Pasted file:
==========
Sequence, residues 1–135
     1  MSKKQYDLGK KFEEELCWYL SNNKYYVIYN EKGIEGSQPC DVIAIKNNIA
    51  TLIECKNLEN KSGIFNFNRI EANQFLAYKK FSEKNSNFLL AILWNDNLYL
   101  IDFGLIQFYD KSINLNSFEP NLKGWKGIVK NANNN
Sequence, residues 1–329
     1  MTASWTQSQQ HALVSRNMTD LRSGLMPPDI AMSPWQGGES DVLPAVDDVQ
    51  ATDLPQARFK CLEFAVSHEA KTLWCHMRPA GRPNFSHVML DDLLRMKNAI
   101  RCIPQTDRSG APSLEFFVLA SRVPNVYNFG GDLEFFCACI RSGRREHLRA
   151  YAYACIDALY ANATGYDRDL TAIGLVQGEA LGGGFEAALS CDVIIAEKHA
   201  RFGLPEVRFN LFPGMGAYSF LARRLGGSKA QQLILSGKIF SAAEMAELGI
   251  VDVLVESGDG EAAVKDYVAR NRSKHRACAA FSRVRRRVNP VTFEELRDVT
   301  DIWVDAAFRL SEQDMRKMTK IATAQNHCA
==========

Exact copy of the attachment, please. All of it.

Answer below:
Sequence, residues 1–135
     1  MSKKQYDLGK KFEEELCWYL SNNKYYVIYN EKGIEGSQPC DVIAIKNNIA
    51  TLIECKNLEN KSGIFNFNRI EANQFLAYKK FSEKNSNFLL AILWNDNLYL
   101  IDFGLIQFYD KSINLNSFEP NLKGWKGIVK NANNN
Sequence, residues 1–329
     1  MTASWTQSQQ HALVSRNMTD LRSGLMPPDI AMSPWQGGES DVLPAVDDVQ
    51  ATDLPQARFK CLEFAVSHEA KTLWCHMRPA GRPNFSHVML DDLLRMKNAI
   101  RCIPQTDRSG APSLEFFVLA SRVPNVYNFG GDLEFFCACI RSGRREHLRA
   151  YAYACIDALY ANATGYDRDL TAIGLVQGEA LGGGFEAALS CDVIIAEKHA
   201  RFGLPEVRFN LFPGMGAYSF LARRLGGSKA QQLILSGKIF SAAEMAELGI
   251  VDVLVESGDG EAAVKDYVAR NRSKHRACAA FSRVRRRVNP VTFEELRDVT
   301  DIWVDAAFRL SEQDMRKMTK IATAQNHCA